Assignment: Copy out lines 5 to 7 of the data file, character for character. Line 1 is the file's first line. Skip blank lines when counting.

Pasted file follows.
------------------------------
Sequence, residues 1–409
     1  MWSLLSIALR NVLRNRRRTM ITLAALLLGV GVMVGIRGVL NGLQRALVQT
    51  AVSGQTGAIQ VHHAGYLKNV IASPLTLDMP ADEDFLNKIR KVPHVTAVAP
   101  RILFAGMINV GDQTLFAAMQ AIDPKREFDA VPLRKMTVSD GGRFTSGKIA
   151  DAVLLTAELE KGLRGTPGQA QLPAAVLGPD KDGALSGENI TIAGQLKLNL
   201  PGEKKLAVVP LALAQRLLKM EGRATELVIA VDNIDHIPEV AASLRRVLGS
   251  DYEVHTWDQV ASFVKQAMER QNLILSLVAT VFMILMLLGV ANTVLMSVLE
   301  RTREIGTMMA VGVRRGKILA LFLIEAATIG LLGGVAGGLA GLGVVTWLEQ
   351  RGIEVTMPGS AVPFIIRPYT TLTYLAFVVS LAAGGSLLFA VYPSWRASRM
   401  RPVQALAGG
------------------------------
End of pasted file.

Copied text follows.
   151  DAVLLTAELE KGLRGTPGQA QLPAAVLGPD KDGALSGENI TIAGQLKLNL
   201  PGEKKLAVVP LALAQRLLKM EGRATELVIA VDNIDHIPEV AASLRRVLGS
   251  DYEVHTWDQV ASFVKQAMER QNLILSLVAT VFMILMLLGV ANTVLMSVLE